• In these kinds of large scale projects… when we have large scale system components that have to integrate to deliver some large or complex end user feature… sometimes it makes sense to organize your agile teams around components. When I say component… I am not talking about the architectural layers of a small software system… and I am definitely not talking about building teams around skillset. I am taking about building a dedicated design/build/test team that is responsible for a major sub-system within the overall solutions architecture. They define their value as being able to provide a service to the other parts of the busiess. That is the inrement of busienss value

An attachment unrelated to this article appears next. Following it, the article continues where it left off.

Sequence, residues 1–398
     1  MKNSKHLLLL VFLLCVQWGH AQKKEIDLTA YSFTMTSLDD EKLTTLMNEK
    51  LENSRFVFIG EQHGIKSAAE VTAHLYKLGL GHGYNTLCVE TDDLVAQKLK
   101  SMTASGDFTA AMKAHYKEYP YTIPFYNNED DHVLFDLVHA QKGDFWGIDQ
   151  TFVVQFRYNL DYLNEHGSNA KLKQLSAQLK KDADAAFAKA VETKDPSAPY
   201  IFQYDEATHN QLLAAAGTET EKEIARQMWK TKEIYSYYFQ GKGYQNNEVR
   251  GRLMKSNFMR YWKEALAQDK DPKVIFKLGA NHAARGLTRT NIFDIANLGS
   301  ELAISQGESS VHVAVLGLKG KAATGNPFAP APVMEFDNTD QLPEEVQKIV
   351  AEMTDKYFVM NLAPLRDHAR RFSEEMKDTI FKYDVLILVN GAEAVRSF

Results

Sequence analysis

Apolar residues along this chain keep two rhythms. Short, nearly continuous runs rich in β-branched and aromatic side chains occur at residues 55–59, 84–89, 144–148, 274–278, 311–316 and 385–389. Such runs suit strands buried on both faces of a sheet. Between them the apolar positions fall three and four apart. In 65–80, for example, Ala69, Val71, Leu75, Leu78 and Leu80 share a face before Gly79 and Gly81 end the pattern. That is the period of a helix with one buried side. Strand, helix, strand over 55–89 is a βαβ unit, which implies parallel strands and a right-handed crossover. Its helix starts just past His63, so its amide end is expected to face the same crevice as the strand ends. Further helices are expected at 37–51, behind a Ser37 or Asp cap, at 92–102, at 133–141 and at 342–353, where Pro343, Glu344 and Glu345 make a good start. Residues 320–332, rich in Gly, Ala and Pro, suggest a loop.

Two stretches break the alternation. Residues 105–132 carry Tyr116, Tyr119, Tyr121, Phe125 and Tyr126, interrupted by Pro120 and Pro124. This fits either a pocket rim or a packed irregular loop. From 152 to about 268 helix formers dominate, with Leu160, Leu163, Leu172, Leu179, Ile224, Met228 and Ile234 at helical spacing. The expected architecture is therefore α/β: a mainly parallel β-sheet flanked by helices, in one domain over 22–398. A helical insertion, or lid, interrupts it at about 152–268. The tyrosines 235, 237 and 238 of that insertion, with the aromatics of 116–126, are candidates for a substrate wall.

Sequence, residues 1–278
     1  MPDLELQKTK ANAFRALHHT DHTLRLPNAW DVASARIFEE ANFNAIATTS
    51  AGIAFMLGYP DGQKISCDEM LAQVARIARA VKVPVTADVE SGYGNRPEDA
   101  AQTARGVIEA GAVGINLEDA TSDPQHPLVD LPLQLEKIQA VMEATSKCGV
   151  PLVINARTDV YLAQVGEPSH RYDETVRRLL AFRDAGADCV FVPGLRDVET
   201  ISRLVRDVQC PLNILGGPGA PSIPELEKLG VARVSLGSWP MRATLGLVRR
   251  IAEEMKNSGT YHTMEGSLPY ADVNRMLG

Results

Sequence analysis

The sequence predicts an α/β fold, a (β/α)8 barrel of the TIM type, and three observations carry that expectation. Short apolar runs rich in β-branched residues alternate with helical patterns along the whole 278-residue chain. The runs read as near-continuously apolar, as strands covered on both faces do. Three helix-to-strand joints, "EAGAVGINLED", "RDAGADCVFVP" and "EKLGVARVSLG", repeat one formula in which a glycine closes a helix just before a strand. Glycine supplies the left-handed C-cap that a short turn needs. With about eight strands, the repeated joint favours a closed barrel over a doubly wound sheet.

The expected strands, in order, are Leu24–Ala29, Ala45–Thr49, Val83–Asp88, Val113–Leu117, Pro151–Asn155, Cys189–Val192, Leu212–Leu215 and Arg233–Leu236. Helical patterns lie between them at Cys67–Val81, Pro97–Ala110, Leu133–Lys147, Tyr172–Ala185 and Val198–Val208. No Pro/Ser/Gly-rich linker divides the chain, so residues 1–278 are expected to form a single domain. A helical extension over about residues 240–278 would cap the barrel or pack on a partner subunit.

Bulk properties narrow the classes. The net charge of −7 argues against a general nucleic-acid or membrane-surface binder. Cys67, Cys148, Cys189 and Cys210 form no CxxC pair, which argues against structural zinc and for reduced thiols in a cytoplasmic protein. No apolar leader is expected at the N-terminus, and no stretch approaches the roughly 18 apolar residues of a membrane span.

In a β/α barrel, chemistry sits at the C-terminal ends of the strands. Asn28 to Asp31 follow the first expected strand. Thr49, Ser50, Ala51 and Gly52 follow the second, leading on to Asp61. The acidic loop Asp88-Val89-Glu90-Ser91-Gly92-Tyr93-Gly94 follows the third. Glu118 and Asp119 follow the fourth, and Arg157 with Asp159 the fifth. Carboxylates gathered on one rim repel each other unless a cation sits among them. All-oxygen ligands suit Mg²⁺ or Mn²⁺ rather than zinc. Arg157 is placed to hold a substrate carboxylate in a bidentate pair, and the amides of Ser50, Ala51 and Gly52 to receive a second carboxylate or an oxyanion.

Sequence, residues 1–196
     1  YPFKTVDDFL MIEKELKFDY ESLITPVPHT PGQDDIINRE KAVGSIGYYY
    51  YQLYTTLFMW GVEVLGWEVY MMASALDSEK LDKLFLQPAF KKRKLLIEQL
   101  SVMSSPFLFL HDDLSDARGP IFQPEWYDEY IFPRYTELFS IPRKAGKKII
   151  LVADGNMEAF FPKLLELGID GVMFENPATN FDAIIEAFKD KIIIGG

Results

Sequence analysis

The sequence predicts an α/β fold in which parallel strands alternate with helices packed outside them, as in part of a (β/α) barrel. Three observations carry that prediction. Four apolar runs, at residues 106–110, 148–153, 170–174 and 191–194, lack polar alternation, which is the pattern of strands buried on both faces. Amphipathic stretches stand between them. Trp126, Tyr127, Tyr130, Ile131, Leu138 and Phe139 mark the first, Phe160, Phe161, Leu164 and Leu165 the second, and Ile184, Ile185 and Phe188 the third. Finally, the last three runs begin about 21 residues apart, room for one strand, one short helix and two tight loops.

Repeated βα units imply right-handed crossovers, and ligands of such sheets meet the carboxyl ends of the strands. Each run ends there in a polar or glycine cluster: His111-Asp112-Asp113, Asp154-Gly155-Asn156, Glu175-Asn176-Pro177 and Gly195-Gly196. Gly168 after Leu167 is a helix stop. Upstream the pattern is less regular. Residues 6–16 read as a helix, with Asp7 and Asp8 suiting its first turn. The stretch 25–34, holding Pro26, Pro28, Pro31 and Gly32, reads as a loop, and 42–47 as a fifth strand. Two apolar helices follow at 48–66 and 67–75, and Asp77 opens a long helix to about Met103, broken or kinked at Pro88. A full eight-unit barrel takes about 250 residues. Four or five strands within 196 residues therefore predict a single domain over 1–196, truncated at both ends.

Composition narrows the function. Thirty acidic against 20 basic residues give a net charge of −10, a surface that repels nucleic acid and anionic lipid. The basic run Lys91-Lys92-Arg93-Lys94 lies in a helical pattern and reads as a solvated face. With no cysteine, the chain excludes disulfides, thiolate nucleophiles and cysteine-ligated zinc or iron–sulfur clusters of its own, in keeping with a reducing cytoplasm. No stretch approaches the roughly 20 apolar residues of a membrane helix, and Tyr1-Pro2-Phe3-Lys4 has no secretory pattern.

• Closely related to the idea of a componet team is the idea of a service team. If you are building your organzation around the idea of a services oriented architecture… you might want to consider forming your agile teams around a service or a collection of services. Just like with the component team… the services are integrated to deliver some overall business value back to the end-consumer. Insisting on the agile team being a feature team… working on some unit of business value… led by a single product owner is somewhat limiting at enterprise scale. You don’t have to be Microsoft to have this problem… this is common in organizations with as few as 100 people. This is a rule that works with small teamsIt is the place that I startIt needs adaptation in larger organzations.